A cereals and cereal bar producer benefits from a fully-integrated packaging suite.
Dailycer, a manufacturer specialising in breakfast cereals and cereal bars for many leading food retailers, was seeking to increase production.
The company wanted to develop and install a complete cereal bar packaging line, comprising conveying of the product from the end of the cooling tunnel, through primary packaging, and onto secondary packaging.
Due to the different components in the line, effective inter-machine communication was vital. The rowdistribution system had to ‘talk’ to both wrappers, and both of the wrappers had to talk to a cartoner at the end of the line in order to achieve optimum throughput.
Westbury, UK-based MGE Automation supplied the major elements of the packaging system for the line, which included conveyors, row-distribution systems, buffers, two flow wrappers, a cartoner and conveyors around check weigher.
The primary benefits in this instance are based around the capabilities delivered by a connected and integrated control solution
Mark Gerrish, managing director, MGE Automation
To control this line, MGE turned to Rockwell Automation for its Integrated Architecture control solution.
Primary control products deployed across the line included Allen-Bradley CompactLogix programmable automation controllers (PAC) and Allen-Bradley PowerFlex variable speed drives on the conveyor systems; a CompactLogix PAC and Allen-Bradley Kinetix servo drives on the row-distribution solution; and Allen-Bradley ControlLogix PACs on each of the two high-speed flow wrappers.
The two (LH and RH) flow wrappers deployed at the Dailycer site were actually refurbished machines that had previously been equipped with a mechanical camming solution for motion. MGE Automation was able to replace the mechanical control elements with a Kinetix servo-based solution.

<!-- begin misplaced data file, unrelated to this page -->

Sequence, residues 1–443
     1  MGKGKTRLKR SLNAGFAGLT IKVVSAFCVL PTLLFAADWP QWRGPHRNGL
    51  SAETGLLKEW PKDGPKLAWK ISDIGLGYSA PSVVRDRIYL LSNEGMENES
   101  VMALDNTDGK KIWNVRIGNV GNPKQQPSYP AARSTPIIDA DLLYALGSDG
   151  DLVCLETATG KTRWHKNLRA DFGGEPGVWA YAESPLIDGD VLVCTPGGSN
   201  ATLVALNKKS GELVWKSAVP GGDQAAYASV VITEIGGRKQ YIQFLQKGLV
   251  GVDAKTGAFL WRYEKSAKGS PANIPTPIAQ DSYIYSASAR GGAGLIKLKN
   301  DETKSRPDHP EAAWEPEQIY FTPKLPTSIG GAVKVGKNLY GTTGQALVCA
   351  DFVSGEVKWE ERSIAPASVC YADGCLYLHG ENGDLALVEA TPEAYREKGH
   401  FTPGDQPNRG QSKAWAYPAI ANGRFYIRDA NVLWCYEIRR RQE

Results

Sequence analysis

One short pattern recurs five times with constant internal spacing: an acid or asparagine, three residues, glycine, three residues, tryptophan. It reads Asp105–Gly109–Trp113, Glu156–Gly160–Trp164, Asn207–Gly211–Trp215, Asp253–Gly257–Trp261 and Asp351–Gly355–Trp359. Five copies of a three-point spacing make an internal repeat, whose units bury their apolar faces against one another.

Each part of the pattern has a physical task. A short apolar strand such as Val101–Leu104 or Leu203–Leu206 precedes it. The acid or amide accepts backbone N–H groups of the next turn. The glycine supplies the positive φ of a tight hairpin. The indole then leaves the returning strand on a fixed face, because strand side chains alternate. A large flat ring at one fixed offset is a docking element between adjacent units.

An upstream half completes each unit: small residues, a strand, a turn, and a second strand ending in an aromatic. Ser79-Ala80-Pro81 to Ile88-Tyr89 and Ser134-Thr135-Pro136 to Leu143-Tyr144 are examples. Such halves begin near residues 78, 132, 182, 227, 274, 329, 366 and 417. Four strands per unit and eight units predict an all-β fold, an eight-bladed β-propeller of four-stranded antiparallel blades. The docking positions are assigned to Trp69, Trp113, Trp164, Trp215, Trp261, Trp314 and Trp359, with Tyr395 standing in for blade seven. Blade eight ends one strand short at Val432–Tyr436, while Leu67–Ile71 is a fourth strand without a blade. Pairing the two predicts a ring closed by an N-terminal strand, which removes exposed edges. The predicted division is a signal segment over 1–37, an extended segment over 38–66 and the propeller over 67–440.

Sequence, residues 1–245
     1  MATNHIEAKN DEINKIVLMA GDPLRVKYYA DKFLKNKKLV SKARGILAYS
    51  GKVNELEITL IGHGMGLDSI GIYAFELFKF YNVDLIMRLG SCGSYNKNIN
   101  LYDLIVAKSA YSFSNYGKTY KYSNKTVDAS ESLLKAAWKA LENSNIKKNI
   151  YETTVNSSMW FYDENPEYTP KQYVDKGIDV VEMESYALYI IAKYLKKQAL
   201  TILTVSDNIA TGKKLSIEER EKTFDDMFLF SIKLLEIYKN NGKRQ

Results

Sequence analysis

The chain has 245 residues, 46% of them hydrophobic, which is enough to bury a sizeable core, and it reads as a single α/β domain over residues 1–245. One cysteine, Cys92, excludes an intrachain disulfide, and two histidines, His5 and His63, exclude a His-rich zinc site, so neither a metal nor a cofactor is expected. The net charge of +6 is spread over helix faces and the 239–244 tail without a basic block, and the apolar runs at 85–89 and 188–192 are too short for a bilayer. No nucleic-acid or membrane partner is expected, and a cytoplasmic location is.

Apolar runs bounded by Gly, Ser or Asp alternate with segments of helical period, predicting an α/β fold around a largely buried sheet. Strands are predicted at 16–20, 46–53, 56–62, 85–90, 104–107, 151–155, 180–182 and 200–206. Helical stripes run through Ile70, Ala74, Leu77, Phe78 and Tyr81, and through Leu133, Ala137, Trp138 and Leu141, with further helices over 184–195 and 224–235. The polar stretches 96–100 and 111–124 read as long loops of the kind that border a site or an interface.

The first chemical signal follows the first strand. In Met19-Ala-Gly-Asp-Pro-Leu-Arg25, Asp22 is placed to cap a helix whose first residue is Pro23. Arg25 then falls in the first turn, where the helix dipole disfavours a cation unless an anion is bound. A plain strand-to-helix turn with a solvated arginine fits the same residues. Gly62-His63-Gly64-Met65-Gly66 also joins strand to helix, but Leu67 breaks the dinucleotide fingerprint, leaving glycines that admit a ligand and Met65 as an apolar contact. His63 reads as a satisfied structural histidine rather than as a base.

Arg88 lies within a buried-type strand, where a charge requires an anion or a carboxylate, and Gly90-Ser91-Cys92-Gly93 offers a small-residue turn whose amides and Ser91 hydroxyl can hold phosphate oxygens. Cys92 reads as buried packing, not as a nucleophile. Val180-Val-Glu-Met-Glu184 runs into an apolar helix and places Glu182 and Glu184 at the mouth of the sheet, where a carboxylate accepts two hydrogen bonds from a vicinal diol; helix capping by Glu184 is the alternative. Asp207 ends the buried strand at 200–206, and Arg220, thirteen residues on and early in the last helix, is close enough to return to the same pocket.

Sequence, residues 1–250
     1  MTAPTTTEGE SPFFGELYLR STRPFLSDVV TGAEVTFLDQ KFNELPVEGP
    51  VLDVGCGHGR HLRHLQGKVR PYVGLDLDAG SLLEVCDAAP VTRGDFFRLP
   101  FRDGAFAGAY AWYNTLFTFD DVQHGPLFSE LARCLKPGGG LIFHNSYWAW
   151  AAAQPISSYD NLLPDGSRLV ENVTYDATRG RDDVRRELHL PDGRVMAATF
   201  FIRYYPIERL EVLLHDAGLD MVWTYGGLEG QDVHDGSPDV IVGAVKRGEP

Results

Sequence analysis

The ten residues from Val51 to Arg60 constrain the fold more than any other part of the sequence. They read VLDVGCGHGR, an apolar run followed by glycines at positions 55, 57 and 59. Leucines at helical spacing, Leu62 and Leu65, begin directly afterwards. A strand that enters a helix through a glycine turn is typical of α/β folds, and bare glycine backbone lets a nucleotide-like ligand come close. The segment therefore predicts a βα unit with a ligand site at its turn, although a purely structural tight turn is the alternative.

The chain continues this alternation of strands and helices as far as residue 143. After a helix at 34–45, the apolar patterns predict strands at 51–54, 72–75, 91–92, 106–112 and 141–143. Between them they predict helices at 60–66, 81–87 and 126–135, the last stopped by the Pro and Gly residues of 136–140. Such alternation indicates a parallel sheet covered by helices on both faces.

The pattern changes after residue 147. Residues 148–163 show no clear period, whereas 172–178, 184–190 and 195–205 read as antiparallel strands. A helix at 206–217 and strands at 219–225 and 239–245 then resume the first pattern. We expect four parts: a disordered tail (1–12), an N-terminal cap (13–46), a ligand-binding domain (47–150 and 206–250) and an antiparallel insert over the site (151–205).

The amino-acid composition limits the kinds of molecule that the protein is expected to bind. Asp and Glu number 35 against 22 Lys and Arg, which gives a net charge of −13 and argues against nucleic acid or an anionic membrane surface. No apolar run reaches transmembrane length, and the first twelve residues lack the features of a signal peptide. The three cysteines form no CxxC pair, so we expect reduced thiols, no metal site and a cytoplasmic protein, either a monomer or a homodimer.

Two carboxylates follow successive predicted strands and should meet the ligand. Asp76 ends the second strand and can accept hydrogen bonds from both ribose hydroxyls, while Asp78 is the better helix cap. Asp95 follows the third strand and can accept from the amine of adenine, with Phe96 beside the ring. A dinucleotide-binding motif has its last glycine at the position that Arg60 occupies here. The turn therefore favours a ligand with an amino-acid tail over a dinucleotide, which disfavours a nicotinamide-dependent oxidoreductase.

“We have undertaken these sorts of modifications many times in the past,” explains Mark Gerrish, managing director at MGE Automation.
“We have an intimate knowledge of the Logix programming environment and have become very adept at replacing cam-based systems with modern electromechanical hardware solutions driven by the very latest integrated control software.”
All about communication
The whole line runs on a Stratix-switch-managed EtherNet/IP communication network – equipped with Allen-Bradley POINT I/O modules – which also offers seamless communication back to the enterprise solutions and the all-important kitchen equipment, which was also based around an Allen-Bradley solution.
The use of an Ethernet/IP backbone and integrated hardware gives Dailycer the ability to exploit the benefits of The Connected Enterprise.
Indeed, future plans include the exploitation of real-time manufacturing data in order to make better decisions centred on planning and production metrics.
According to Gerrish: “As a completely new line, this was an interesting proposition as we had a blank canvas in the packaging area. This formed part of a larger blank canvas for Dailycer from the kitchen all the way to the end of the line.
“The primary benefits to Dailycer in this instance,” he continues, “are based around the capabilities delivered by a connected and integrated control solution.
“Throughput and efficiency targets were met and we could in fact offer Dailycer higher throughput if necessary. However, this would depend on the product being processed and would need to be balanced with the time required in the kitchen prior to packaging.”